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Tuesday, 19 February 2019
Page: 13987


Ms ROWLAND (Greenway) (16:25): I rise to pay tribute to the life of one of the most outstanding legal practitioners I had the privilege to work with, but, more importantly, one of the finest human beings I will ever know, who is mourned by his own family the Gilbert + Tobin family and the many people whose lives were changed forever by his advocacy and passion for justice. Steven Glass was a brilliant commercial litigator, an almost constant tenant in the various top lawyer rankings. He was one of those partners at Gilbert + Tobin whom young lawyers specifically wanted to work for, the one the summer clerk interviewees said inspired them to apply to the firm. I never practised in the litigation team, but Steven and I developed a relationship that included his constant support for me as an MP.

The one matter I worked on closely with Steven was a project to deliver best practice training for the communications regulator in Thailand. There was a moment I still laugh about with our friend and the other supervising partner, Angus Henderson. We didn't realise that the regulator was going to be comprised of members who appeared to be from predominantly ex-military backgrounds. I had designed a workshop session to be delivered in Bangkok which required these very senior personnel to break into small groups. When this was explained to them, one individual looked at me and bluntly declared: 'We do not break into groups.' I froze. I looked at Steven. He stood up without hesitation and basically said: 'Right. Let's talk about being a regulator.' And he had everyone there mesmerised for the day. Like all great people, Steven was a teacher, and I still remember his lessons.

The fact is: Steven could have had a cruisy life, accumulating wealth on the back of his incredible legal prowess, acting for some of the most privileged and high-profile individuals and corporations. But this child of a refugee who survived the Holocaust was destined to achieve so much more.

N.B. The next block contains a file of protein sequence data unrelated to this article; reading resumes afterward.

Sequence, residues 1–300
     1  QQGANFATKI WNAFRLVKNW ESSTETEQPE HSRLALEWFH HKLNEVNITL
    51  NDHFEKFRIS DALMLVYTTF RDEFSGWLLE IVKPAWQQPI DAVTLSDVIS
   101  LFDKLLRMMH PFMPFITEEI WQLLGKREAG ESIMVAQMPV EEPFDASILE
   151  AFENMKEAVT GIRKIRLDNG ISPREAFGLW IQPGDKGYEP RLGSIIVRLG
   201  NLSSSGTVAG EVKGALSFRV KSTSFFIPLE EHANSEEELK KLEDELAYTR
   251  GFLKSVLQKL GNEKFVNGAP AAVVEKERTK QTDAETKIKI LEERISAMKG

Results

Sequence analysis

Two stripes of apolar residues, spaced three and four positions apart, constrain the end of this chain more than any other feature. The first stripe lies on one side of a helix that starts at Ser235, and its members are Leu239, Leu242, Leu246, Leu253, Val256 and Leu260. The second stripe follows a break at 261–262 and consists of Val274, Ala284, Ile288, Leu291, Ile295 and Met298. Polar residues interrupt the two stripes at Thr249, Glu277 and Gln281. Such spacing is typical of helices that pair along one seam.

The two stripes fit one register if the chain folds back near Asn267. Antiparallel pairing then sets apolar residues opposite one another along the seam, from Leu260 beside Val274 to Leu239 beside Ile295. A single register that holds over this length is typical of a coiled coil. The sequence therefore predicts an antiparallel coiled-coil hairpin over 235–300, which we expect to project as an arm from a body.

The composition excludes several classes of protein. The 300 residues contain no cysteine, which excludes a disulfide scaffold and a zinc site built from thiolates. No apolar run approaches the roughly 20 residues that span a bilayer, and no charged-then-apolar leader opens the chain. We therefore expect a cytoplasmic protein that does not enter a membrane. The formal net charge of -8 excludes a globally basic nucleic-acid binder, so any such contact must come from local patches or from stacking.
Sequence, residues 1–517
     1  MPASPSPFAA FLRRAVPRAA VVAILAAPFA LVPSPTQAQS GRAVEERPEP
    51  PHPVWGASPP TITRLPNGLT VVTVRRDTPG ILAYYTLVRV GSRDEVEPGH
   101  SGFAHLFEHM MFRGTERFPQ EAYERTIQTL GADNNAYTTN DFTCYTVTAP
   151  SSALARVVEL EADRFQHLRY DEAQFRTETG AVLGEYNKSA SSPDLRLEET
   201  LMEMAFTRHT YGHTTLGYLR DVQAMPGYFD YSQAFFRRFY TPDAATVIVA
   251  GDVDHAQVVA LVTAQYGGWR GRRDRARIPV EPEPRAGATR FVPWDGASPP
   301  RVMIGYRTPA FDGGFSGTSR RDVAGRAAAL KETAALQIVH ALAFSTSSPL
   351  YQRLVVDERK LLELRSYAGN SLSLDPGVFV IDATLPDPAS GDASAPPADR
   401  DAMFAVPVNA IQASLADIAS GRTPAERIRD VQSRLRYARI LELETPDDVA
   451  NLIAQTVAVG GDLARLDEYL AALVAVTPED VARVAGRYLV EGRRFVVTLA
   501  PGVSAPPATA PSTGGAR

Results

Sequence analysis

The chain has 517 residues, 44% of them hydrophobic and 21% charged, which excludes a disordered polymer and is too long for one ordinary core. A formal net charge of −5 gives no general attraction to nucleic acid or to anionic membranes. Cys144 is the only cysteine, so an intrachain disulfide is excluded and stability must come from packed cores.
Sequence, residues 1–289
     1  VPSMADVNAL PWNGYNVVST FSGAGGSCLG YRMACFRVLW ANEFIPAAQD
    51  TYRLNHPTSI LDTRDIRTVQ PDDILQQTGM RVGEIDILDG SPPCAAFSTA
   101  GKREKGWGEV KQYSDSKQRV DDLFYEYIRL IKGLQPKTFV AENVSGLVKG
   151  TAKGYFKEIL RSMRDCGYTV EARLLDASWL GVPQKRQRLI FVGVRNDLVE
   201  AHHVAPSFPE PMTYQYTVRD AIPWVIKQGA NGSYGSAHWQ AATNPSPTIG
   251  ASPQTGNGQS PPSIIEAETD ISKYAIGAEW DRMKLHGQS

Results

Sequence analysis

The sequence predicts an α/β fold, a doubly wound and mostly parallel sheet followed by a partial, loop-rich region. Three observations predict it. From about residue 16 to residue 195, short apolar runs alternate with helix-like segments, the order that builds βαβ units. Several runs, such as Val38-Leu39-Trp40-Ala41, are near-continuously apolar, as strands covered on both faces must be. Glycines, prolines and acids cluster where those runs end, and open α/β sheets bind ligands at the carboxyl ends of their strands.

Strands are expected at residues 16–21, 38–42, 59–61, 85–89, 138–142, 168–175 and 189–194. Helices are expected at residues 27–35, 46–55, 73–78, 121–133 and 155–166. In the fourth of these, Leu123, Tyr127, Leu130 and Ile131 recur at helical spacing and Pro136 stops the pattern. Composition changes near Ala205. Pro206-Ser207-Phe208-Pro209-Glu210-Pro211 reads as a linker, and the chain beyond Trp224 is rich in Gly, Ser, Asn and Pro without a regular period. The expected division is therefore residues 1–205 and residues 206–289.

As perfectly summarised in a beautiful obituary, 'Many of the causes Steven championed were legally complex and socially controversial.' At some point in Australia's political discourse over the first decade of the 21st century, something must have triggered Steven to take his advocacy to the next level. He would employ his legal genius to make the change he wanted to see in Australia and advance human rights, especially for asylum seekers. His achievements in this regard are too many to list, and merely doing so would not adequately capture the scale and detail of the work he must have ploughed into these cases and their profound implications.

I went back through my email exchanges with Steven since 2010. They were mostly about people or organisations recommended by Steven to contact me, vicarious connections ranging from Progressive Women in Law to the New Israel Fund, pro bono matters and the member for Cowan. So Steven possessed that other great trait of greatness: he connected people.

Steven only had his official farewell from Gilbert + Tobin in April last year. On the evening of Wednesday, 6 February, I received the terrible news from his great friend Peter Waters that Steven had died of a heart attack that morning. Peter's message was accompanied by a photo of Steven with a man who could be an amalgam of his many good and selfless works throughout his life, both of them with beaming smiles, Steven's arm around his shoulder. The message read: 'As this photo so well shows, he made this country a little less unjust, a little fairer, through his work with refugees.' Vale, Steven Glass.